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News Release 11-191

Investigating the Spread of Infectious Diseases With NSF, NIH, U.K. Funding

How diseases are transmitted among humans, other animals, the environment is focus

Photo of a capuchin monkey.

EEID scientists work to answer questions like how HIV spread from monkeys to humans.

September 13, 2011

This material is available primarily for archival purposes. Telephone numbers or other contact information may be out of date; please see current contact information at media contacts.

New research aimed at controlling the transmission of diseases among humans, other animals and the environment is being made possible by grants from a collaboration among U.S. and U.K. funding agencies.

By improving our understanding of the factors affecting disease transmission, the projects will help produce models to predict and control outbreaks.

Funding is from the U.S. National Science Foundation (NSF) and U.S. National Institutes of Health (NIH) Ecology and Evolution of Infectious Disease (EEID) Program.

It is also being provided by the U.K. Ecology of Infectious Diseases Initiative of the Biotechnology and Biological Sciences Research Council (BBSRC), and U.K. Economic and Social Research Council (ESRC).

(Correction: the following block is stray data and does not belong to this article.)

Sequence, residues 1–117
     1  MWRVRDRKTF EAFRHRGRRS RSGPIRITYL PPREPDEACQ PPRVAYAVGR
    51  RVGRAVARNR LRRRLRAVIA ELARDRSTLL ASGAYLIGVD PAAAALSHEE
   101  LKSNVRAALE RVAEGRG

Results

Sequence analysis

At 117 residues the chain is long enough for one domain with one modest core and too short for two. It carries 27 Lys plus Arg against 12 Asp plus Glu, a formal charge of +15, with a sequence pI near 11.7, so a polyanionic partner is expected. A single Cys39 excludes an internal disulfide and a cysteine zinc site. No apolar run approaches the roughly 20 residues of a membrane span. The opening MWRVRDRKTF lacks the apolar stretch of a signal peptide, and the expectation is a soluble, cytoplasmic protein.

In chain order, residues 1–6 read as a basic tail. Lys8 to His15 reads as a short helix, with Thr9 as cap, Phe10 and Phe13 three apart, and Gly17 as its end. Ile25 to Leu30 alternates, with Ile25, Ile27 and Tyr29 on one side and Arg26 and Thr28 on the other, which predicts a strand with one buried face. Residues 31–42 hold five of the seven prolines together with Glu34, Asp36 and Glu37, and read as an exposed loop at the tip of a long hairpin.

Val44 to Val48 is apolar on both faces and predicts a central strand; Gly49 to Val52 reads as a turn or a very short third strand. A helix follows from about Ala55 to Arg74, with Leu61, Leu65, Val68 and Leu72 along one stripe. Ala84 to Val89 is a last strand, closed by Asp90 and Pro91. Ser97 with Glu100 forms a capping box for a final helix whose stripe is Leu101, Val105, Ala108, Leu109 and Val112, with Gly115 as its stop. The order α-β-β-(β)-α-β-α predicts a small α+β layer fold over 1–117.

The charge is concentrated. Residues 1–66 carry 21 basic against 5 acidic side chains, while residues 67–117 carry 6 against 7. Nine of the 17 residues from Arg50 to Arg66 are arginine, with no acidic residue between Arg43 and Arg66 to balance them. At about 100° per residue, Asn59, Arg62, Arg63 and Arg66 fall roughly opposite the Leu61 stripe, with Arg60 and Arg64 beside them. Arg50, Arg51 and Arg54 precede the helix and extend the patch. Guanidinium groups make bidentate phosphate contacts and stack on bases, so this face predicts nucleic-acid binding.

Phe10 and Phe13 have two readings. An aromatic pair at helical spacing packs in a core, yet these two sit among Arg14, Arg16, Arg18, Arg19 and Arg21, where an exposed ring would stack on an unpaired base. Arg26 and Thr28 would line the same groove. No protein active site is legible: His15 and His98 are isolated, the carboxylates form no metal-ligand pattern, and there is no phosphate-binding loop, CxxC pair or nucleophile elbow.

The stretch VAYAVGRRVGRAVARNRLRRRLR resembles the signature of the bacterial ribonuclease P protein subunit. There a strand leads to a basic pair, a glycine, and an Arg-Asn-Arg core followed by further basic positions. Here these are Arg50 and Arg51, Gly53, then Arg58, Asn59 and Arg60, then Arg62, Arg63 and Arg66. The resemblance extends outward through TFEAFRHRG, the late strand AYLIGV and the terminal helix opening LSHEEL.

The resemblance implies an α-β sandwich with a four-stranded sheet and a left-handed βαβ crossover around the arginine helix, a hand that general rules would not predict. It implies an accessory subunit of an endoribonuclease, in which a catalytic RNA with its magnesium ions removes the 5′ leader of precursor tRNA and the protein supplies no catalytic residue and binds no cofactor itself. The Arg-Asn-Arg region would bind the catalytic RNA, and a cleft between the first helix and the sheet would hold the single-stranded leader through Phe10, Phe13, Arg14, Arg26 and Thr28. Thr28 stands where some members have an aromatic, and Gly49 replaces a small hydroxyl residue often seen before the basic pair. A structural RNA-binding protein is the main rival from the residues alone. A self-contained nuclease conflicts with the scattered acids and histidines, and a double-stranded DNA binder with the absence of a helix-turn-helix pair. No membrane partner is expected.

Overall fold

Combined, the grants total $17 million.

Research supported by the U.S.-U.K. collaboration aims to combat diseases that are particularly prevalent and damaging in the developing world, especially those transmitted from animals to humans, called zoonoses.

About 75 percent of recently emerging diseases are infections that may be transmitted between animals and humans. They pose serious threats to human health and to global food security.

Projects will draw on expertise from both the biological and social sciences to help public health workers in the developing world combat the emergence and spread of disease.

For example, scientists will conduct research on the transmission of bacterial diseases that cause fever in Tanzania, with the hope of developing better control strategies.

Another project will investigate the spread of a viral disease related to HIV in colobus monkeys. The researchers hope to gain insights into how HIV was initially transmitted from animals to humans.

Other projects aim to further an understanding of how viruses evolve to infect their hosts.

Researchers in the U.S. will also investigate white-nose syndrome in eastern bats, sudden oak death in western trees and parasitic diseases in west coast estuaries.